I first started volunteering as I wanted to help people affected by the condition I’ve been dealing with for 40 years. But after joining my local MS group four years ago, I realised that volunteering also gives me sense of belonging, purpose and focus.
The role of Group Coordinator
I volunteer as Group Coordinator. When I joined my local group I went straight into that role, probably due to having some experience in management, strategic development and affecting change. I’m retired now so I have more time to dedicate to the group.
My role is to act as a facilitator, to deliver what the group wants to do for the local MS community. I also make sure all policies and procedures are adhered to, and look after service provision and fundraising.
In a way I’m also representing the MS Society locally and nationally. I’m able to influence how the group runs and how it delivers services for local people with MS.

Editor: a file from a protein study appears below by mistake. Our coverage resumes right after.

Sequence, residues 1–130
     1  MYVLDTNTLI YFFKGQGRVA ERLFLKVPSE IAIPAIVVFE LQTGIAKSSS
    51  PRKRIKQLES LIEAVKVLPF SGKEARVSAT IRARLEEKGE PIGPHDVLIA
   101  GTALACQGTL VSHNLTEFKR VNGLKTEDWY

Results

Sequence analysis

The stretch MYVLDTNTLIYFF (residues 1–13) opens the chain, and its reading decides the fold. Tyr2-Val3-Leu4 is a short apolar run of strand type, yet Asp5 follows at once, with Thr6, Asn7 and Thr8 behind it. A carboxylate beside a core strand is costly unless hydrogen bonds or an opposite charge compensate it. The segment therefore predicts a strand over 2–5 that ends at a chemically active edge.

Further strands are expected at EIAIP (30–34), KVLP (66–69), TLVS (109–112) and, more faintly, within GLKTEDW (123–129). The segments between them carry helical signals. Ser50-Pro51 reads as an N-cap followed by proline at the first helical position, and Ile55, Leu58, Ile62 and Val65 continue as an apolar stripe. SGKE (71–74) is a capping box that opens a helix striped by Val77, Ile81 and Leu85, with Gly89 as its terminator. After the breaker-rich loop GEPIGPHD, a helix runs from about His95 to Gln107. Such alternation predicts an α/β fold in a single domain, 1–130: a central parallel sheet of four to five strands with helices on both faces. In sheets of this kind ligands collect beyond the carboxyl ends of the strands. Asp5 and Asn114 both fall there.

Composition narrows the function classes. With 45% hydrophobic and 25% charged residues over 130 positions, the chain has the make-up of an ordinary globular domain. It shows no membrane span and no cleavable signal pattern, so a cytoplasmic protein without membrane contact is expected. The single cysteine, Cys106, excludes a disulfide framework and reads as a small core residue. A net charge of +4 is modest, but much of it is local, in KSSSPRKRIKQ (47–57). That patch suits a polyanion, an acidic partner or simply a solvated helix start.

Raising awareness of MS in the local community
One of our projects was to raise awareness of MS in the local community. We worked with young people and talked to them about the impact MS has. This helped them to change their perceptions of MS and how to care for people with it.
Last year, we were approached by the Coronation Street actor Richard Hawley, whose character in the programme – Jonny – got diagnosed with MS. I spent some time with Richard introducing him to the condition, to help him portray an accurate picture of MS.
Making a difference to the lives of people with MS
What I like the most about my role is that I can see something being done. I can witness tangible difference being made to other people’s lives, particularly those who are newly diagnosed.
I enjoy putting forward new approaches, managing processes and giving guidance to people who are going through a difficult phase.
The thing that I have learned the most from this role is empathy. I’m able to better relate to my peers, build relationships and give people the opportunity to express themselves.